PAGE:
So I'm back at my desk after a fun couple of days in the company of US and European podcasters at Podcast Summit Europe 2007. We were truly proud to be sponsors of the event, and it was a pleasure to hook up with so many good people. I met podcasters and marketers, plus some great podcast industry bloggers (Paul Colligan, Jason van Orden, Leesa Barnes- links down the left of this page).
If you go to my company's website, you'll see what we do- and we're proud of it. But this is my personal blog- and whether you're in the podcasting business, a company looking to podcast, or an individual, this is where you'll find the unvarnished truth. So here it is: what I learned this week at CPS-E'07:
- Clients still need education. Not on the intricacies of podcasts: I mean on the basics. Like, what is a podcast. Start there. If you're reading this and you know that podcasting is not beholden to Apple, you're already way ahead of the crowd.
- The podcasting industry needs to get its head out of its arse (or ass for my US readers). I got a real sense that delegates were embarrassed because they enjoyed broadcasting so much, perhaps there wasn't actually a business in it. There is. Enjoy. Stop worrying.
- Some podcast companies seem to think that this is about editing or production. No it is not, and anyone who sets up a podcast agency to do production will fail. Production is a "flat-rate", price-sensitive off-the-shelf service which someone on Elance or an outsource agency could do. The value of a podcast agency is in strategy, format development, monetization, audience engagement, ongoing maintenance of feedback loops etc. Production is not a service.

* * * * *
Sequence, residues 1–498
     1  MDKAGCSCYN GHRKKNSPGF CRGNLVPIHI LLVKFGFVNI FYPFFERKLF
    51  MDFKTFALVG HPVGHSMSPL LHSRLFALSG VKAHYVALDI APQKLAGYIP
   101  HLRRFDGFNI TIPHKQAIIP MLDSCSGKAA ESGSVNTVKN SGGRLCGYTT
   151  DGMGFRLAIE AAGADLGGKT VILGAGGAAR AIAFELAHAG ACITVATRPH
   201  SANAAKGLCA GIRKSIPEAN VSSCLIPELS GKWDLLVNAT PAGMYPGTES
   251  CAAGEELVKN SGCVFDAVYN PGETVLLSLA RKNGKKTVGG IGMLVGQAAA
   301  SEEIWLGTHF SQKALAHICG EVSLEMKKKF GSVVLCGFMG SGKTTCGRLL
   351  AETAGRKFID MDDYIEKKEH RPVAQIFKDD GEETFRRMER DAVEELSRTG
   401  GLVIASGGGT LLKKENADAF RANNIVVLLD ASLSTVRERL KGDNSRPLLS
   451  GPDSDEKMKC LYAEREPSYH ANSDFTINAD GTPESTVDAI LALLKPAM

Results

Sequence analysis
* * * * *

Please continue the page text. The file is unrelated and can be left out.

- The excellent David Prever of BrandSpanking asked a superb question. "If a brand has £19 million to spend, how does podcasting achieve a deserving place as part of that budget". He didn't get a straight answer. Let me provide it. Media in the brand context is valued according to its value to the client, not the cost of production. Otherwise the people who think up slogans would charge tuppence ha'penny. Podcasting must prove its value- and do so in the context of engagement, whether to new audiences, existing customers or as a customer service tool. The metrics are currently badly argued (not non-existent, just badly argued in pitches) and we all owe it to ourselves as an industry to present our case more effectively. In the absence of perfect stats (and thankyou Feedburner for improving things) I simply say to clients, start with a £20K job. If I can prove a £100k return on the metrics of the client's choice, then we'll start talking about a share of the £19million.
So there it is. Clarion call over. A highly educational Summit, our thanks to Paul Colligan for hosting, and let's get our house in order!